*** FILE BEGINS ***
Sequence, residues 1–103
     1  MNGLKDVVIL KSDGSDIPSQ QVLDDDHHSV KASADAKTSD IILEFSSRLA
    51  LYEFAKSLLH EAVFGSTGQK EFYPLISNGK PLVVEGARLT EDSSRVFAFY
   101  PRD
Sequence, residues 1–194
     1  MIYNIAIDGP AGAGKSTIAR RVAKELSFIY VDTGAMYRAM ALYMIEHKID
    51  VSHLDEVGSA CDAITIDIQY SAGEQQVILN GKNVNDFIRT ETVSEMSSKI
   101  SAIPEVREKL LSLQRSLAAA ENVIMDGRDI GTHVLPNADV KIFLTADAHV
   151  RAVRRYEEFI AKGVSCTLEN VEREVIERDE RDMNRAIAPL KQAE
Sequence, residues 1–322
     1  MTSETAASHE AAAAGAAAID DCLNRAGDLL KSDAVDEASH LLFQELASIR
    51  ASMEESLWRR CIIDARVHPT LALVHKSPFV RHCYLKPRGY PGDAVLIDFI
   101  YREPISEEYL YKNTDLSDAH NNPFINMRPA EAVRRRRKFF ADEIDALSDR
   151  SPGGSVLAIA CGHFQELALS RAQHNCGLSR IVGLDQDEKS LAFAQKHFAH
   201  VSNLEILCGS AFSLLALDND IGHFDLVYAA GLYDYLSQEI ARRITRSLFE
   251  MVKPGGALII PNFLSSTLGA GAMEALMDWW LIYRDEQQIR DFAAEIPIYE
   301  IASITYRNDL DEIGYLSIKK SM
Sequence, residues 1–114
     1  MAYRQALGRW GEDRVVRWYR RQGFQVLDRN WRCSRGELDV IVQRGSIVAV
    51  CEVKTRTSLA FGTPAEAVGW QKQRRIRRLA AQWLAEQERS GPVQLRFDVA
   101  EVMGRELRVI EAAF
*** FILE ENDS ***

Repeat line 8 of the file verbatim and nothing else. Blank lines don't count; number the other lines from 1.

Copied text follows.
   101  SAIPEVREKL LSLQRSLAAA ENVIMDGRDI GTHVLPNADV KIFLTADAHV